The 2001 National Scout Jamboree was held at Fort A.P. Hill, Virginia, from July 23 to August 1 with the theme “Strong Values, Strong Leaders . . . Character Counts”. 42,002 Scouts participated in the Jamboree. The OA conducted five programs at the Jamboree: OA Service Corps, Youth Staff Services Camp, The Outdoor Adventure Place (TOAP), the American Indian Village, and Scoutopia.
The OA Service Corps had 136 members providing more than 18,000 hours of service to the various areas at the Jamboree. The official theme for the Service Corps was "Getting our sash dirty." The Order organized the youth into troops with commissioners to help coordinate all activities such as fishing, boating, Venturing and scuba. Each night, the OA staffed the recreation tent with movies, games and snacks. Every day, new requests would come in for help in different areas. No two days had quite the same projects.
TOAP had 18,700 attendees visit the exhibit area. Almost 3,000 people attended a one-hour Leave No Trace course, and more than 11,100 toured the conservation site. TOAP included such activities as a climbing wall, pioneering tower and outdoor cooking area, as well as many items from the BSA catalog in use and on display.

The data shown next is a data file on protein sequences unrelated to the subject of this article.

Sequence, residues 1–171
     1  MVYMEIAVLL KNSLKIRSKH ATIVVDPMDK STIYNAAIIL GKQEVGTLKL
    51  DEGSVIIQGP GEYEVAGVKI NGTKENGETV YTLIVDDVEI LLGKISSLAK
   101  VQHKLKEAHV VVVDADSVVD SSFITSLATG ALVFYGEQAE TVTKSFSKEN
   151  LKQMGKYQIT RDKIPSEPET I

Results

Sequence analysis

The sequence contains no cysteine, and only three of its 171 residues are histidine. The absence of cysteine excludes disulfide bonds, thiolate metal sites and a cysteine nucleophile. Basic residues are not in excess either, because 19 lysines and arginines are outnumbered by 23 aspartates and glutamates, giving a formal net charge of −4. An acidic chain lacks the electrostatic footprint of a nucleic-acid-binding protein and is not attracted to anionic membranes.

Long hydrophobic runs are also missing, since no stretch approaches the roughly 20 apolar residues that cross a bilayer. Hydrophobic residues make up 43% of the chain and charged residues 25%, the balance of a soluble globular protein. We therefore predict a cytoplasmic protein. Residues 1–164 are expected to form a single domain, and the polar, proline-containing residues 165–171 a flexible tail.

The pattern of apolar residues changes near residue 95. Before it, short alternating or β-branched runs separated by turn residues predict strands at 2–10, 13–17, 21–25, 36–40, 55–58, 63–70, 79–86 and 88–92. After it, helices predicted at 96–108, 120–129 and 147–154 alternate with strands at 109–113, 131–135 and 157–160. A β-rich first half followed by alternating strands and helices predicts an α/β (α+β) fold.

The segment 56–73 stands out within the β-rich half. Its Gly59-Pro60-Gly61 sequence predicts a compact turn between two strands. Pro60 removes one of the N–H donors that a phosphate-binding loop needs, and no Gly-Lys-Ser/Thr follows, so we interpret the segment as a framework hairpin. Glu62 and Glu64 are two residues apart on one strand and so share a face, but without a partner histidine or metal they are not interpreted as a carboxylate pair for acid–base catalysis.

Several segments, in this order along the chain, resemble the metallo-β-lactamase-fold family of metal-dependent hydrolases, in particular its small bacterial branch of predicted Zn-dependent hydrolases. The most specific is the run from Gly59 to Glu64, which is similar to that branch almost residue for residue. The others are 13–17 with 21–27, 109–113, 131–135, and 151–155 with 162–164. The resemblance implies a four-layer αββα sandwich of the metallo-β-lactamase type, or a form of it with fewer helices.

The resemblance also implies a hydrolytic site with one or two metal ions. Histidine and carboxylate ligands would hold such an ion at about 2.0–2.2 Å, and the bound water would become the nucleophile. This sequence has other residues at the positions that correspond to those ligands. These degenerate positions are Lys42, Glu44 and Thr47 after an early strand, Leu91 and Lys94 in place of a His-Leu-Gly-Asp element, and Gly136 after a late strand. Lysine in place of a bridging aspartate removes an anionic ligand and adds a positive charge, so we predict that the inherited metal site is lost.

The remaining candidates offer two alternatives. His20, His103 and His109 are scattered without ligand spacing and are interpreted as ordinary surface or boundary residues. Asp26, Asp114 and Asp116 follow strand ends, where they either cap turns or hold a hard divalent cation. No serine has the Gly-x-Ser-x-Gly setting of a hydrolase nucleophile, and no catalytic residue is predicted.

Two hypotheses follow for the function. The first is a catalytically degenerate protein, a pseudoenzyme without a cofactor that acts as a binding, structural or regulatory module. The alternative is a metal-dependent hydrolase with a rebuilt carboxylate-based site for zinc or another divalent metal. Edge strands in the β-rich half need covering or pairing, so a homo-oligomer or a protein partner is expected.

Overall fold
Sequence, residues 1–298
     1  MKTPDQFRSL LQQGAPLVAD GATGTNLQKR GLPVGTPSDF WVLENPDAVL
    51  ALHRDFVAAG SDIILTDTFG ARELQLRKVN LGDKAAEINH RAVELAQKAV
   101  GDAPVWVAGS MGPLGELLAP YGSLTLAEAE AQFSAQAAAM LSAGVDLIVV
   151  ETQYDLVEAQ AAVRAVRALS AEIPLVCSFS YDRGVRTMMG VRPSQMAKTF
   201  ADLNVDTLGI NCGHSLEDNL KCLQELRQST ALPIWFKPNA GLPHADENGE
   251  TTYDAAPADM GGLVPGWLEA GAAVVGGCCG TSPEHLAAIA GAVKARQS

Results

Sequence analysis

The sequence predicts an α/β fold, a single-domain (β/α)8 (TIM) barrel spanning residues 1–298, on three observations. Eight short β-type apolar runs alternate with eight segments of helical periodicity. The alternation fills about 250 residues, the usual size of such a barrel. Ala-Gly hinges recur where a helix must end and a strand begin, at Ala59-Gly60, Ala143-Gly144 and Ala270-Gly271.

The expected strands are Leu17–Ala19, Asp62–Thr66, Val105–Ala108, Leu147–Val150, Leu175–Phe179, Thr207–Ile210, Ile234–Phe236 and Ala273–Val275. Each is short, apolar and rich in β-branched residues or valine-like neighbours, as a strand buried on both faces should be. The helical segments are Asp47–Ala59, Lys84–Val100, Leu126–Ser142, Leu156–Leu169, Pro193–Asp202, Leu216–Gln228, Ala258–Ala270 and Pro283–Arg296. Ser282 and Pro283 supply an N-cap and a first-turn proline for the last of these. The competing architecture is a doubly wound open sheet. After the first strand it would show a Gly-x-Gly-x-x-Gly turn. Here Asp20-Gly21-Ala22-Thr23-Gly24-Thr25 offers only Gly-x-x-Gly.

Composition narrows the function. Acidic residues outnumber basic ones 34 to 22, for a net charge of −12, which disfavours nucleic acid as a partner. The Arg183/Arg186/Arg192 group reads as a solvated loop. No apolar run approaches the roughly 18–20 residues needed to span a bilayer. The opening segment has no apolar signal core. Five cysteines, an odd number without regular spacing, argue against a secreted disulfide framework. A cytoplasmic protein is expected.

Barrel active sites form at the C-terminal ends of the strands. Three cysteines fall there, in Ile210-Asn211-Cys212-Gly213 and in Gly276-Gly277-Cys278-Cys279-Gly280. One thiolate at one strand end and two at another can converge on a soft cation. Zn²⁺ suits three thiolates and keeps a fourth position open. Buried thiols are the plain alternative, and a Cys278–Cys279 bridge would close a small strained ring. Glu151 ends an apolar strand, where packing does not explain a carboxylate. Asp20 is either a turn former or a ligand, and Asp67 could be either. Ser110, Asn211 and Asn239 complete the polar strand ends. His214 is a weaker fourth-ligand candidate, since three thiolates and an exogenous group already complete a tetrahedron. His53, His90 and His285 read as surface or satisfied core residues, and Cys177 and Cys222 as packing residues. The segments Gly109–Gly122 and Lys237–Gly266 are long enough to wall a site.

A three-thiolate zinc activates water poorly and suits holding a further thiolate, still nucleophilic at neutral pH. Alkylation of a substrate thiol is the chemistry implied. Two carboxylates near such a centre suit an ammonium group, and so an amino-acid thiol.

The American Indian Village offered the Indian Lore merit badge, with 162 badges earned and 49 partials completed. Ron Bell, an American Indian specialist from the National OA Committee, was appointed the new leader of the American Indian Village and the village continued to expand. The village also conducted craft training sessions, dance instructions, and two Pow Wows.
The Order’s Scoutopia production was created to provide an entertaining, thoughtful and meaningful experience for all Scouts at the Jamboree. All sets were original and based on the Scout Oath and Law with an OA version of the famous Blue Man Group. Scoutopia was one of the highlights at the Jamboree, with 53 shows and 32,077 attendees during the 10-day run. After the success of Odyssey of the Law in 1997, which was funded by the OA, the BSA’s Jamboree leadership built the cost of Scoutopia into the budget, along with strong support from the U.S. Marine Corps.